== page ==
Malta attained independence in 1964. Under the 1964 Independence Constitution, Malta was a constitutional monarchy and parliamentary state. This constitution was amended in 1974 to make Malta a republic within the Commonwealth. Its head of state is a president appointed by the Maltese Parliament which, in its turn, is elected by Universal Suffrage for a term of five years.
Carnival in Malta dates back to at least the middle of the 15th Century. Balls and dance competitions featuring the Maltija, the national dance, the Parata, a sword dance, as well as contemporary dances and defile of floats, satirical and other, are the order of this 3-day festival.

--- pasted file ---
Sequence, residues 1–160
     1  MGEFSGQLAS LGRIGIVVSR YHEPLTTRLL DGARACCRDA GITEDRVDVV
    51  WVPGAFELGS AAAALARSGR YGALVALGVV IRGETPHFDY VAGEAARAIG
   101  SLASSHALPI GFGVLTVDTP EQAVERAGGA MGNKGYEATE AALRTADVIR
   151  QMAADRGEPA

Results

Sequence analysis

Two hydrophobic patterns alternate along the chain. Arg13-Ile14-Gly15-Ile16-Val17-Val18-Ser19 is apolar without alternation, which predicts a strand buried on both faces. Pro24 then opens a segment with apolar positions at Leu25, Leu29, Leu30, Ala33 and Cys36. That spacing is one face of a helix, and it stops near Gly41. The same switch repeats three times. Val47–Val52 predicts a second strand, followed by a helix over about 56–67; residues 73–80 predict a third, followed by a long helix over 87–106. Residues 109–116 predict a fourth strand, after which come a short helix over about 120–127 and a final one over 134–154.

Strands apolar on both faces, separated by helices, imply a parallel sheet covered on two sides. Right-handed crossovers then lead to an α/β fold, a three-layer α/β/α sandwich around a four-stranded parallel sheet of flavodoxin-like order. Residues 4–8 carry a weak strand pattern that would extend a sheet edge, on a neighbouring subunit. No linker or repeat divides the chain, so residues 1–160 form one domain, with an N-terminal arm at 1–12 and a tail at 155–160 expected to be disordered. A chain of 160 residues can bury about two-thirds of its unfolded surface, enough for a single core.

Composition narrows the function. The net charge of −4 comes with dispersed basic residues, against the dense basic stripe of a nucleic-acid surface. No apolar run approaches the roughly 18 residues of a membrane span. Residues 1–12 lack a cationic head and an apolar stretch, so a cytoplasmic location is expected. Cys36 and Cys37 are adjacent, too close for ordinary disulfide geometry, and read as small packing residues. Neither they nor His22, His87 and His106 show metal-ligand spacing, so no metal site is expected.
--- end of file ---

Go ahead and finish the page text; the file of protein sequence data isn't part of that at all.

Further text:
The Easter period also gives rise to a spate of Good Friday biblical character pageants in several parts of the Islands, these being colourful and devotional at the same time. Folk festivals are also popular. The principal one is l-lmnarja, an agrarian feast held on June 29, the joint feastday of St. Peter and St. Paul, and highlighted by I-ghana, a type of folksinging peculiar to the Maltese Islands.